What Happens to Pumpkins When it Gets Cold?

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Pumpkins are warm weather vine crops.

Many adults and kids associate pumpkins with falling leaves and long-sleeve weather. Seasonal decorating moves away from spring and summer flowers to Halloween and Thanksgiving harvest decor that includes the pumpkin. It does not occur to non-gardeners that frost and cold temperatures can kill this vine-growing fruit. Pumpkins take 90 to 120 days to grow to maturity, requiring full sunshine and a warm growing season. Stored properly at temperatures between 45 and 55 degrees Fahrenheit, pumpkins can last up to three months after harvest.


Seeds and Seedlings

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Most seed packages have planting times and zones on the back.

Long before becoming a pumpkin, the seeds are susceptible to the cold. When planting seeds directly into the garden, the recommended soil temperature is at least 70 degrees Fahrenheit. If the soil is too cold, seeds will rot in the ground. Some gardeners plant seeds indoors and transplant the seedlings to the garden after the last spring frost. Most seed packets have color-coded planting zones and recommended planting times on the back of the package.

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Honeybees pollinate pumpkin blooms.

Pumpkin vines grow male and female flowers. The male flower grows on a long slender stem. The female flower is a stubby, ovary shaped stem. Honeybees fertilize the flowers through pollination, which causes the vines to produce pumpkins. Cool weather, below 50 degrees Fahrenheit, diminishes bee activity that can result in smaller, badly shaped fruit and a low yield.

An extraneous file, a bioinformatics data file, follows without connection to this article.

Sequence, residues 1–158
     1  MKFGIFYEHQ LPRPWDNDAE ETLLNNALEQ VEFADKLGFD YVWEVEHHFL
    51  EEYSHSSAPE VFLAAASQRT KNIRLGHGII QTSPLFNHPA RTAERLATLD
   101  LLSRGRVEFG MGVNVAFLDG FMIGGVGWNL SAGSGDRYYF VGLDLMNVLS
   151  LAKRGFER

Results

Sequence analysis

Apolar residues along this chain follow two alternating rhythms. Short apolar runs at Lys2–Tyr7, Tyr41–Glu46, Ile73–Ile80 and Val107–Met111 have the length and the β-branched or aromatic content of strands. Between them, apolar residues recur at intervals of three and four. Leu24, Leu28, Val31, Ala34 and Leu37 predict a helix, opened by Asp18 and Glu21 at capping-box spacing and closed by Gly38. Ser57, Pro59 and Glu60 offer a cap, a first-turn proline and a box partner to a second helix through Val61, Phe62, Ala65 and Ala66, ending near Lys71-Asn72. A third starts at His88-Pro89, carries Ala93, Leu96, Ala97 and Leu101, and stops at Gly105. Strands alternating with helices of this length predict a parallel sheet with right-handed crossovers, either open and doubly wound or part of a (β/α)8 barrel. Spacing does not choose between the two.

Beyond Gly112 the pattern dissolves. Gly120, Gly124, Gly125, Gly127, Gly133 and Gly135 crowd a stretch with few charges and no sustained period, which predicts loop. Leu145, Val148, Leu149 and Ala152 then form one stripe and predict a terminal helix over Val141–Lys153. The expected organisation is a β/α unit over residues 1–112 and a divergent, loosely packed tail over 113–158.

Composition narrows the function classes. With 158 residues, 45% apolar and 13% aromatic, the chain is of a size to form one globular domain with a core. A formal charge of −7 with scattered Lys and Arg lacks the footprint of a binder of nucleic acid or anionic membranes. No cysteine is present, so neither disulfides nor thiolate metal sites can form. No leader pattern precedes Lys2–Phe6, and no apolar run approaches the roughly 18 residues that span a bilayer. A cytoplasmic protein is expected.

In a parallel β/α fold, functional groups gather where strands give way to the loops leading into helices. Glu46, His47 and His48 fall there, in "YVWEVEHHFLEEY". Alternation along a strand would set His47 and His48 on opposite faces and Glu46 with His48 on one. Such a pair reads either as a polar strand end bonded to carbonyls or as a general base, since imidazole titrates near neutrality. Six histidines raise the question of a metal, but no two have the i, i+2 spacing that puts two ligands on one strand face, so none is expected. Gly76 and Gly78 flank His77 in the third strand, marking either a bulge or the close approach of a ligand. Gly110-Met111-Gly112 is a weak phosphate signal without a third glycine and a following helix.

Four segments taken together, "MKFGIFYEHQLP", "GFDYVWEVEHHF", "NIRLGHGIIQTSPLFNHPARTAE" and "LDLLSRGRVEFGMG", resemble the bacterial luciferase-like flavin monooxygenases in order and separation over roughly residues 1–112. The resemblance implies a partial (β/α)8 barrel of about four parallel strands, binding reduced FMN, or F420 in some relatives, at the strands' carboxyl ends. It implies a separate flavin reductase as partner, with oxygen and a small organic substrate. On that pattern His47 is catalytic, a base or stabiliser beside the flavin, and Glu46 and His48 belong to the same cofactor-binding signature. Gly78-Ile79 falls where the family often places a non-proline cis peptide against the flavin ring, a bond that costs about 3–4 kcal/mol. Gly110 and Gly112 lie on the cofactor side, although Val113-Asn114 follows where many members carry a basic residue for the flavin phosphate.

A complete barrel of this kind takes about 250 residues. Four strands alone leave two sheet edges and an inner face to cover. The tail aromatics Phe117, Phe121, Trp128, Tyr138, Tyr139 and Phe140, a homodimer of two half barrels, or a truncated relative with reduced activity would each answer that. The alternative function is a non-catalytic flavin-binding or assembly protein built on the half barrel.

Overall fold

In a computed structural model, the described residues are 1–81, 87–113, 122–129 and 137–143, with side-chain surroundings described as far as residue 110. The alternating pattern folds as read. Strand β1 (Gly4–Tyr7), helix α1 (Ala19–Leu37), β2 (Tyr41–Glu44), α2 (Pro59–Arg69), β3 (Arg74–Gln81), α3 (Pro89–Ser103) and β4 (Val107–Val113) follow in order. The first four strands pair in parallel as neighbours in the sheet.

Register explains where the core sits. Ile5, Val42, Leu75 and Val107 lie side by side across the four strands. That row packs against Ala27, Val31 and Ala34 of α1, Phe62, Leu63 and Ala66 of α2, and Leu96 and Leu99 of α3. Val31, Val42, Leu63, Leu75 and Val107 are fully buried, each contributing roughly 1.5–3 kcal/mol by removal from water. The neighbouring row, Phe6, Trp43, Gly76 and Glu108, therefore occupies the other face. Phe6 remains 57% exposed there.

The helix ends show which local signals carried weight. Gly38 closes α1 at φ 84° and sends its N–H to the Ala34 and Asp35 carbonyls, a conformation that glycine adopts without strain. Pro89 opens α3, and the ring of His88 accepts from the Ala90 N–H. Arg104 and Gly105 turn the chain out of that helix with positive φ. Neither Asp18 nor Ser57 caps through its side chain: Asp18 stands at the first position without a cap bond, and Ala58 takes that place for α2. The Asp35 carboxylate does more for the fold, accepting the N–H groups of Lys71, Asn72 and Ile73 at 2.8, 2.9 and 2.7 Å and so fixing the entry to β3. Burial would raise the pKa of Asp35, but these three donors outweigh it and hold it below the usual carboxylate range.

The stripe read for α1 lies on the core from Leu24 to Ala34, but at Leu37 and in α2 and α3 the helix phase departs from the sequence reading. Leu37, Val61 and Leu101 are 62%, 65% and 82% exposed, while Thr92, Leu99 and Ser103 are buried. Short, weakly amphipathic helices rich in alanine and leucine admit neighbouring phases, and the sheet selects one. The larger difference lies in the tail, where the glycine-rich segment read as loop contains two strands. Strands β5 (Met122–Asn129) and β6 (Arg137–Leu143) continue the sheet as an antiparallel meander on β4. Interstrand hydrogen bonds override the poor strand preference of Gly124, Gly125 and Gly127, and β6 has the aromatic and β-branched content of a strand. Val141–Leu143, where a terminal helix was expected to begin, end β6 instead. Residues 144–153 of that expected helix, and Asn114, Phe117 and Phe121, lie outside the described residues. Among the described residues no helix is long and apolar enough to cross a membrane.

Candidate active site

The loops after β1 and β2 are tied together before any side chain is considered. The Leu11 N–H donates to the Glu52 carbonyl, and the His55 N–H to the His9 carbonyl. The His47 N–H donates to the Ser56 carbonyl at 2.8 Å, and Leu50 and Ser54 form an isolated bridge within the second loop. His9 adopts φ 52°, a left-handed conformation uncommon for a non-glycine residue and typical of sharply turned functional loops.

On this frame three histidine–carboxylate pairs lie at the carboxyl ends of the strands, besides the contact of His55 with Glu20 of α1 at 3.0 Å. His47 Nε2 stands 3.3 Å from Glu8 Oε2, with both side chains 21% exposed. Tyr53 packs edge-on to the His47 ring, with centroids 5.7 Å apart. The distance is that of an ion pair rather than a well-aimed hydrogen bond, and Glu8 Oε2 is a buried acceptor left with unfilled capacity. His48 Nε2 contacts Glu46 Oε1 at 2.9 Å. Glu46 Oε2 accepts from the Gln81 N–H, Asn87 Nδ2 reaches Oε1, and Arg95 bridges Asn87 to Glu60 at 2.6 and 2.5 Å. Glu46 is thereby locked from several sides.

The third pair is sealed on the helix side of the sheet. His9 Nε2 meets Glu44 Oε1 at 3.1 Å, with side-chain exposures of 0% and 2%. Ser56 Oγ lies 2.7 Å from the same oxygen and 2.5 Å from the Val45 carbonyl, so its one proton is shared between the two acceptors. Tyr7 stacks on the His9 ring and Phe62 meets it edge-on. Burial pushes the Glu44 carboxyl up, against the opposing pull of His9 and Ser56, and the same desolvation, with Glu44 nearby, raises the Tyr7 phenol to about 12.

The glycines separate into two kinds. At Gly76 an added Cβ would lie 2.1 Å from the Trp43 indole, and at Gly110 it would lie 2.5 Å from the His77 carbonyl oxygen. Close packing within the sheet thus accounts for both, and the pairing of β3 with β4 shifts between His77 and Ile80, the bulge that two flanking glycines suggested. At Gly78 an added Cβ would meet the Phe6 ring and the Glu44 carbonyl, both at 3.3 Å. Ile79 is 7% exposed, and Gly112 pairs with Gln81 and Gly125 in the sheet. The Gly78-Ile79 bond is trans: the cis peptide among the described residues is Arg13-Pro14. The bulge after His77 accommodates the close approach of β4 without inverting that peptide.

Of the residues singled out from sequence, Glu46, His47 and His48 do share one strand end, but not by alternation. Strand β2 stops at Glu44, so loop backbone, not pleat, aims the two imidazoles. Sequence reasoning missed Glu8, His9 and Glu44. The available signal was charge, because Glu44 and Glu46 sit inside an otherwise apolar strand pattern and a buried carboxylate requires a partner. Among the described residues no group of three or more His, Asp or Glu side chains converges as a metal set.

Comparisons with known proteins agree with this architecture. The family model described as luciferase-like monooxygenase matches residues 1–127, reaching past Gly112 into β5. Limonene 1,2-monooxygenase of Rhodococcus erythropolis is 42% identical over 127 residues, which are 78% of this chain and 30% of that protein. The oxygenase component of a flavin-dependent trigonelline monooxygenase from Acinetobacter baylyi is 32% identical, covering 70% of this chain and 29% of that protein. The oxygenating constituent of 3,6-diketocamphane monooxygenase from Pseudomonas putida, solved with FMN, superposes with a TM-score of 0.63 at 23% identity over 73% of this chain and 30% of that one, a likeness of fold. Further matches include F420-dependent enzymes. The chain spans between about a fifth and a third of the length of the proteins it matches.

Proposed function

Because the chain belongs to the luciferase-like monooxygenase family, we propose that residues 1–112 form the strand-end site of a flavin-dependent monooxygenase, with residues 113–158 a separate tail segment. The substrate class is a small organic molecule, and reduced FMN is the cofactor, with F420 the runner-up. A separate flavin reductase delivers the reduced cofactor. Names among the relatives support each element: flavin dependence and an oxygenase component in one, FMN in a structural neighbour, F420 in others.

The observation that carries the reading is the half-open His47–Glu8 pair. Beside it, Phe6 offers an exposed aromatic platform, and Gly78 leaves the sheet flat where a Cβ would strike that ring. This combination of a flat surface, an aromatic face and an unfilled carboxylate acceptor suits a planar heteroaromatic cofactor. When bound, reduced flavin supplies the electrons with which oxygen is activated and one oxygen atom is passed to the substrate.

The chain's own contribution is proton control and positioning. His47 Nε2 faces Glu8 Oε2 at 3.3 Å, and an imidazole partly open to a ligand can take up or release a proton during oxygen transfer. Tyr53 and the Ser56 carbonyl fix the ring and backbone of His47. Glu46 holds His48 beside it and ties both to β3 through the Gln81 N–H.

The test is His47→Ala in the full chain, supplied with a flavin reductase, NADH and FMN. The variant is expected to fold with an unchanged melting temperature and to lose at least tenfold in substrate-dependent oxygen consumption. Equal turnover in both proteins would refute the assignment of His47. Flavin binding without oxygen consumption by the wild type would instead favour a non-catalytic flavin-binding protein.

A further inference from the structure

Effects of the Cold on Pumpkin Plants in the Field

Cold and frost endanger pumpkin vines and leaves.

Temperatures that fall to the teens and bring frost are devastating to pumpkin vines. Green, immature pumpkins depend on the vines to live. The cold and frost freezes the cellular structure inside the vine and the pumpkin will die for lack of nourishment. Damaged vines appear lifeless and feel soft and mushy. The vines and their leaves wilt to the ground. Once pumpkins freeze, mature or green, the fruit rots.


Harvest and Storage

Store pumpkins off the ground in a cool area.

As pumpkins ripen, their rind turns orange in color and hardens. Gardeners cut the vines about 3 to 6 inches above the pumpkin and carry them by hand from the field, holding the body of the pumpkin only. Leaving a stem gives added protection against rot-causing microorganisms from entering the pumpkin during storage. Stored pumpkins do best in dry cool areas between 45 and 55 degrees Fahrenheit. Place cardboard between the bottom of the fruit and the floor or shelving area to prevent staining.



Pumpkins are one of the oldest cultivated crops.

Pumpkins belong to the Cucurbita genus and originate in the Old World. Native Americans baked whole pumpkins in hot ashes. Because of the shortage of food, European settlers adopted the pumpkin as a food staple and learned to cultivate the fruit from the Indians.


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